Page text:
Gary D. Schmidt:
And of course, there are the characters that are so vivid—an Avi trademark. I think especially of Mr. Ordson, the blind man to whom Peter reads. He reads the newspaper, because Mr. Ordson wants to keep up with current events. And he is a wise and good friend to Pete. You’ve written that Mr. Ordson is based on a real person to whom you, as a young adolescent, read. Are there other characters based on folks from your past? Perhaps Pete’s father, a noble character? Have you, as William Faulkner once advised, cut up your relatives to use them in your plot?

Avi:
How can I say this? Pete’s father is based on what my father was not. My father was not a nice man. Very hard on me. Abusive. Don’t get me going. Anyway, I think Pete’s father is what I would have liked my father to be. I bet you’ve worked from that kind of opposite, too. Cathartic, perhaps. On the other hand, Pete’s older brother is somewhat based on my own older brother who, like many older brothers, can be patronizing to younger brothers. That said, a major part of the story is not about families that pull apart—there is some of that—but how families stay together. And Kat—a key fictional character in the book—is drawn to Pete’s family as much as she is to Pete.

Gary D. Schmidt:
One other element from the past: the noir voices, the sounds of the hard-boiled detective fiction that you read, that I read, that we both still read. At times, Pete leaves the first-person narrative to go into that hard-boiled voice. I think you probably had a lot of fun with that, right?

Avi:
I adored writing those sections. I think there is something uniquely American in that noir voice. The tough love. The sarcasm. The wit. The truth-telling. The very careful literary construction, all of which masks a deep-rooted sentimentality, an embarrassed, if you will, searching for love. Very complex. The thought that I can share that—introduce it—to my readers gives me great pleasure.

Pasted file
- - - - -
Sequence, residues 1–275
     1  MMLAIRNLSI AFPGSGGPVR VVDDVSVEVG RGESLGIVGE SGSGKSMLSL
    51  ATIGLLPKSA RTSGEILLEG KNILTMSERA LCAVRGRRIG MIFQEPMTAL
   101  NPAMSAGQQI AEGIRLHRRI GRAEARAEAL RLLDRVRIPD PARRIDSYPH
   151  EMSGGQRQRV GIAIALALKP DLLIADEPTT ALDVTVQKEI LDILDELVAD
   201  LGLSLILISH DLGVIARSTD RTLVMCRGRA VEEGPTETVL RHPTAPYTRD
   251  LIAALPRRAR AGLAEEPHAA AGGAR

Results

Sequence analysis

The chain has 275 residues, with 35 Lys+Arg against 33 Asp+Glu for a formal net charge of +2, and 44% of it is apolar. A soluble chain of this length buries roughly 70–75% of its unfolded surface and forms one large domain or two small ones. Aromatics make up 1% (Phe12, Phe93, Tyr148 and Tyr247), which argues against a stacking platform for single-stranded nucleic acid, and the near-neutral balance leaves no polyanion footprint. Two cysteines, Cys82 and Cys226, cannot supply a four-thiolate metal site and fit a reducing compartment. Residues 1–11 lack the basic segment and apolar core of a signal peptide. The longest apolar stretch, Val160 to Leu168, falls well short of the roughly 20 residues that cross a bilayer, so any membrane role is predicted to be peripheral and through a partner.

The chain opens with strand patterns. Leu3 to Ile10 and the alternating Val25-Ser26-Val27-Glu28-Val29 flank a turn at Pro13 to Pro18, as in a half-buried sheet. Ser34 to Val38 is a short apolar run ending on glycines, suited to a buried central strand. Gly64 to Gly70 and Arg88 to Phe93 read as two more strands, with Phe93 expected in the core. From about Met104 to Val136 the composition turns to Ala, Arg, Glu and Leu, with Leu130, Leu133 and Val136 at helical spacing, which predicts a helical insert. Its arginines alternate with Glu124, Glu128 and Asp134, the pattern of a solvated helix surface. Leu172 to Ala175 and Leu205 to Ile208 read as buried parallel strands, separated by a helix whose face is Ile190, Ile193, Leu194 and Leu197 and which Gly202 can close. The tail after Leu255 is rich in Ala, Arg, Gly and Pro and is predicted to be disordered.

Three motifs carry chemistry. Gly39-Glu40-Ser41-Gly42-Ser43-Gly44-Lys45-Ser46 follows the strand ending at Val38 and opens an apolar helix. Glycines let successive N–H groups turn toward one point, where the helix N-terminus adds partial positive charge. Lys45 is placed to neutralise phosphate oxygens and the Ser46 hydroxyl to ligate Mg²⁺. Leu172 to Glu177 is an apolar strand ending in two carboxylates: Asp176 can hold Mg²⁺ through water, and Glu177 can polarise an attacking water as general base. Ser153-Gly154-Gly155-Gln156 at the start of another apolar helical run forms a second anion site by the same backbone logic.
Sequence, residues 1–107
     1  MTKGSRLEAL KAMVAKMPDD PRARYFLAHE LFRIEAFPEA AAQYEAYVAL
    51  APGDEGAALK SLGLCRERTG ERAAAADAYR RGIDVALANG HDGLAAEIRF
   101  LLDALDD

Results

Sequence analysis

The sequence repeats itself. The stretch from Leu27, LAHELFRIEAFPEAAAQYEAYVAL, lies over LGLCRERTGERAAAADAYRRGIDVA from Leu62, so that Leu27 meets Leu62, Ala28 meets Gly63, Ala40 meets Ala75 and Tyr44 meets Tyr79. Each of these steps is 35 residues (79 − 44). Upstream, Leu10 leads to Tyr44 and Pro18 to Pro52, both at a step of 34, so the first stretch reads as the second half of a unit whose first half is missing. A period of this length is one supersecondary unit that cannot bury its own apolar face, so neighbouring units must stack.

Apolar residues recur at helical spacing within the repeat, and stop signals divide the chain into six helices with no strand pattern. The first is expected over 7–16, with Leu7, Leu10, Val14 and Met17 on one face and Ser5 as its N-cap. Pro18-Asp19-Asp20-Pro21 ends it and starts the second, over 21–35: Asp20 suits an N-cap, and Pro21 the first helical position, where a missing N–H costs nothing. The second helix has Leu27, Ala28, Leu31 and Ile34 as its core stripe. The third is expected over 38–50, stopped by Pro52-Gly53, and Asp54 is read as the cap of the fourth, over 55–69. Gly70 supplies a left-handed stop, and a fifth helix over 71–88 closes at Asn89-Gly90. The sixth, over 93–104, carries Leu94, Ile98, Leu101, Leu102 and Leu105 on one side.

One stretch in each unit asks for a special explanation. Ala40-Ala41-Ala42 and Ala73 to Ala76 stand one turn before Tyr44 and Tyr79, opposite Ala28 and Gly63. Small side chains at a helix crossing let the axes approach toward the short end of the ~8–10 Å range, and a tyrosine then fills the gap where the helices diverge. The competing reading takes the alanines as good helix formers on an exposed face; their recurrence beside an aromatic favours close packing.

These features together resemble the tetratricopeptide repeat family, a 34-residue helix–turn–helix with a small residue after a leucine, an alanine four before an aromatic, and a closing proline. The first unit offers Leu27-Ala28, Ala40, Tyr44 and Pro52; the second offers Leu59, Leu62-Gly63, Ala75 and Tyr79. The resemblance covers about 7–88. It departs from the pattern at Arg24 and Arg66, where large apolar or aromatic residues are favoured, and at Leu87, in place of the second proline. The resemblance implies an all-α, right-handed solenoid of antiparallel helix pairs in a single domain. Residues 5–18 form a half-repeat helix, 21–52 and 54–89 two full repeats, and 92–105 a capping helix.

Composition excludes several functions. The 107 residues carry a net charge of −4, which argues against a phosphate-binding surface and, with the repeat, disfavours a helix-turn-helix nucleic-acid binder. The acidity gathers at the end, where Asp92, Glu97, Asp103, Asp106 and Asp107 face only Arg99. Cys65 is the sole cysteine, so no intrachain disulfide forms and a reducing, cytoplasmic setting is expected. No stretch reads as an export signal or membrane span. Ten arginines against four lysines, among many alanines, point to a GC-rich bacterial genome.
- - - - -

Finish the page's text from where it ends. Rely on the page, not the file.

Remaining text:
Gary D. Schmidt:
In this McCarthy–era novel, Pete is thrown into a world in which fear inspires hatred. As news spreads that his father does not accept an easy vision of a perfect America but believes that the stories of workers and African Americans also need full play in tales of the development of the country, Pete is ostracized, since it is assumed that his father must be a Commie! Since all historical fiction is written both about a time in the past and for readers in the present, it seems to me that your novel is a powerful warning against assuming that any narrative about our country is simple and uncomplicated.

bk_go-between_160Avi:
One of my favorite notions about historical fiction is expressed in the opening lines of L. P. Hartley’s The Go-Between. “The past is a foreign country: they do things differently there.” I find that a fascinating idea because I don’t entirely agree with it. What I mean is, yes, the past is a different country, but they do not always do things differently there. I know, from what I’ve read of what you’ve written, you understand this. Our goal is to make the past meaningful to the present, right? To give it life. America has such a complex and fascinating history. But how little people know of it! How many great stories there are yet to tell!

Gary D. Schmidt:
Pete must deal with some hard truths: in the novel, he develops strong anger toward both his brother and his great-uncle, anger which does not get resolved in the narrative. At the same time, he comes to understand that his father lives a life that is larger and perhaps more noble and honorable than he had imagined. Is it fair to say that in one way, this novel is about the limits of knowledge—that we cannot truly know someone else completely?

Avi:
Pete’s father tells Pete: “Nothing is simple. Know that and you know half the world’s wisdom.” Oh, how I believe that! Bet you do, too. Somewhere I read, “Poor writing makes what you know simple. Good writing makes it complex.” Right?